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Josh Jackson will have to earn back his starting spot this season

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The senior is the lone upperclassman, but a poor 2019 campaign has reopened the quarterback competition.

Maryland v Temple Photo by Mitchell Leff/Getty Images

Our summer profile series is back and we’re previewing Maryland football one position group at a time.

We’ve gone over wide receivers, tight ends and running backs so far, and now we are reviewing the Terps’ quarterbacks. Wes gave an overview of the position yesterday, and today we’ll talk about Josh Jackson.

Josh Jackson

Height: 6’2
Weight: 218
Year: Senior
High School: Saline
Hometown: Ann Arbor, Michigan
2019 Stats: 94 Comp, 207 Att, 1,274 Yards, 12 TD, 6 Int
Career Stats (incl. 2 seasons at Virginia Tech): 366 Comp, 661 Att, 4,840 yds, 37 TD, 16 Int

The background

Jackson committed to Virginia Tech as a three-star recruit back in 2016. The Ann Arbor native received a good dose of Power Five offers, and after redshirting for his first season with the Hokies, he became their go-to option at quarterback.

In his first season at Virginia Tech, Jackson posted stellar numbers, many of which ranked as high as first in freshmen categories. A 59.6 percent completion rate earned him 2,991 yards passing with 20 touchdowns on 236 completions, the most of any freshman in a nation.

Perhaps the more impressive side of Jackson’s game as a Hokie was as a runner, where he reached the end zone six times over the span of his freshman campaign.

In his 2018 season, Jackson looked to continue his dominance under center, but a fractured left fibula sidelined him for the entire season in the third game. Prior to his premature ending, he had a career-high 62.07 percent completion rate with nearly 600 yards passing and five touchdowns.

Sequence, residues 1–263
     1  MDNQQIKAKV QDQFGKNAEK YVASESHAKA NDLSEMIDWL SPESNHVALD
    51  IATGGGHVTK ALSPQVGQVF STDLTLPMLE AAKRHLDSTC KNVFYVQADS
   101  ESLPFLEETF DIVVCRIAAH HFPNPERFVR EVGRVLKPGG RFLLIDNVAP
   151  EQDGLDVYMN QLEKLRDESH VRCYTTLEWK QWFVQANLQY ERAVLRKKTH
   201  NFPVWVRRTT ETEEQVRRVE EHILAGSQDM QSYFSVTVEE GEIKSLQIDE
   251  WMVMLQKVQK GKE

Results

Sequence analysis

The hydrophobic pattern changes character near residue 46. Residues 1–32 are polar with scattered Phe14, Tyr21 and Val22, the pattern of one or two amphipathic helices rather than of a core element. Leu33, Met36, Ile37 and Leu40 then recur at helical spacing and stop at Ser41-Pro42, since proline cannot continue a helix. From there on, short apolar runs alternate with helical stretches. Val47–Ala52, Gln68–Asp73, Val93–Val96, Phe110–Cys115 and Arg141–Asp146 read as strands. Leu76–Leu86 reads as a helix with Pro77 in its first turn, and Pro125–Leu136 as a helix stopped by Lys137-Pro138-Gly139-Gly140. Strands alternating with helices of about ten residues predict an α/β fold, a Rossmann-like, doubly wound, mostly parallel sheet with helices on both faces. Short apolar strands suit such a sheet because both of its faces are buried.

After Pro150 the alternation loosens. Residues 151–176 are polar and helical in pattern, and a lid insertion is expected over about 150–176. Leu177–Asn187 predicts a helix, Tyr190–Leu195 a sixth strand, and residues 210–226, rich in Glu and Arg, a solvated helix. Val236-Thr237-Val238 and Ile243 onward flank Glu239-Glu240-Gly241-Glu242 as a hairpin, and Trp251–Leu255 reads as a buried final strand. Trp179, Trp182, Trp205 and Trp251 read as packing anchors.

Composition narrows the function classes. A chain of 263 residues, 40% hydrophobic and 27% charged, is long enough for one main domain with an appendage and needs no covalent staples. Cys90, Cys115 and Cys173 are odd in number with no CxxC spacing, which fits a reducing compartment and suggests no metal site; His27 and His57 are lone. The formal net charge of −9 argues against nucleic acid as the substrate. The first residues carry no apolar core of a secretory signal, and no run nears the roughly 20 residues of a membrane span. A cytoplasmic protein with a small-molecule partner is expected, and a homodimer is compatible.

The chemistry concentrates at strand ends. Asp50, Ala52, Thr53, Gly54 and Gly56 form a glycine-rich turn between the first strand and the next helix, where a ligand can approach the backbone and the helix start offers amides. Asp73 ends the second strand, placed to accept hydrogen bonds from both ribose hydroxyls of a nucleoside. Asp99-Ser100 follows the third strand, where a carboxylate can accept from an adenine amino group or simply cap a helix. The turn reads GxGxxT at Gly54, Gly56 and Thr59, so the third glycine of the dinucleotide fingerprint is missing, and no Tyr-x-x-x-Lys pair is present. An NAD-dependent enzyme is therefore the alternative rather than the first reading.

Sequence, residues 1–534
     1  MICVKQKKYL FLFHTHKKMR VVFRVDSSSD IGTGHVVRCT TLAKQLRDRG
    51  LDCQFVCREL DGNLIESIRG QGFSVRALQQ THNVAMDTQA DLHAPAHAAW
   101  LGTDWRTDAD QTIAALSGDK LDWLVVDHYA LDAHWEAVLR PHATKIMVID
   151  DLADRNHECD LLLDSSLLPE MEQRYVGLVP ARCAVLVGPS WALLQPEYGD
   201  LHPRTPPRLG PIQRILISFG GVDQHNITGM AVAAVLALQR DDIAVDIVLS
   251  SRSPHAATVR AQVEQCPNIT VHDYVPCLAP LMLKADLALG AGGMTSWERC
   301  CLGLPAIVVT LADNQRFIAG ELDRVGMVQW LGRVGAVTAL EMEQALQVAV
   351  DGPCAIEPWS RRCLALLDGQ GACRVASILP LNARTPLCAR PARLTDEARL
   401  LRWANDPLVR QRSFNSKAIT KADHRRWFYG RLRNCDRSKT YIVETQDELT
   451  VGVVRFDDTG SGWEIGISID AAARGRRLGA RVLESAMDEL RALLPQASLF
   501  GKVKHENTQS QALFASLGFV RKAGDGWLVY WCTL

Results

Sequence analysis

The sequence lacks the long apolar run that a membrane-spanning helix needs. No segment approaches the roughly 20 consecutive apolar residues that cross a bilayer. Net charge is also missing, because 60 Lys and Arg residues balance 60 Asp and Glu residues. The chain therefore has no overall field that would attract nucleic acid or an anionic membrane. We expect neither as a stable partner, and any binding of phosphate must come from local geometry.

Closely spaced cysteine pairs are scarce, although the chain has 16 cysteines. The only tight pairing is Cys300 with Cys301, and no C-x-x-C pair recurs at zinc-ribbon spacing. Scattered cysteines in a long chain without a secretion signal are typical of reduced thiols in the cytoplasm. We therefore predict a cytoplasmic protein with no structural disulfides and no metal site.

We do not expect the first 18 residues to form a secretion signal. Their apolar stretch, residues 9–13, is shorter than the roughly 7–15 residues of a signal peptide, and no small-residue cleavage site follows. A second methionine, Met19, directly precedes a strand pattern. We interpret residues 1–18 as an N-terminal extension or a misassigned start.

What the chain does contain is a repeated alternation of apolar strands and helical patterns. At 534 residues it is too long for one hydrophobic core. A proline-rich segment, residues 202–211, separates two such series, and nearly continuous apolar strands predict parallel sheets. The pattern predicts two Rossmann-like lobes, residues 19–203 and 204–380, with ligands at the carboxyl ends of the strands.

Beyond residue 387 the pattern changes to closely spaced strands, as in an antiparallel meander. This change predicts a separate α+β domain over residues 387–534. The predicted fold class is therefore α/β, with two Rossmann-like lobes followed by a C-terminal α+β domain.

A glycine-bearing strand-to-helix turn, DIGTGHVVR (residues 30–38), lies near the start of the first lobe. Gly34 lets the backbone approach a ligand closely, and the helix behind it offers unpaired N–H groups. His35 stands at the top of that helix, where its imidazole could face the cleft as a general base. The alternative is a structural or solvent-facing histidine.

With two years of eligibility remaining, Jackson entered the transfer portal in the winter following his sophomore season and chose Maryland soon after head coach Mike Locksley was hired.

In Jackson’s first season in College Park, he was named as the team’s starter prior to the first game, but failed to produce at the level that he did at Virginia Tech.

The junior passed for a career-low 47 percent completion rate and 12 touchdowns, five of which came within his first two games. Jackson also threw six interceptions in his 10 appearances, and was again sidelined due to injury in two of the team’s games.

Jackson is only quarterback with experience

Looking at Maryland’s depth chart, Jackson is the only player with real in-game experience. Redshirt freshman Lance LeGendre completed just one past last season, and transfer Taulia Tagovailoa played in just five games last season at Alabama.

In his first two games with the Terrapins, Jackson looked promising, leading the team to a dominant 79-0 win over Howard in his first game. Though his stats diminished as the season progressed, he remained Locksley’s most used option.

Maryland’s offense will lean towards passing as the main source of production this season, giving the senior much more firepower to work with compared to a dilapidated wide receiver core in his debut season. If Tagovailoa is deemed ineligible by the NCAA, Jackson will fight for the starting job against LeGendre.

There are looming concerns for the senior

After his first season at Maryland didn’t go as planned, Jackson has put himself in quite a hole. What should have been a certain starting role for the team in his senior season has now become a “what could’ve been” scenario.

Injuries followed the quarterback in the transfer portal as Jackson sat out two games last season with an ankle injury, keeping him immobile for his time on the field and causing him to sit in the pocket for long periods of time while defensive linemen racked up the sacks.

His 47.3 percent completion rate ranked second to last among the 110 FBS quarterbacks that had the qualifying number of passes. Poor decision making and a lack for much movement puts Jackson at a disadvantage at a position with young talent surging towards the starting 11.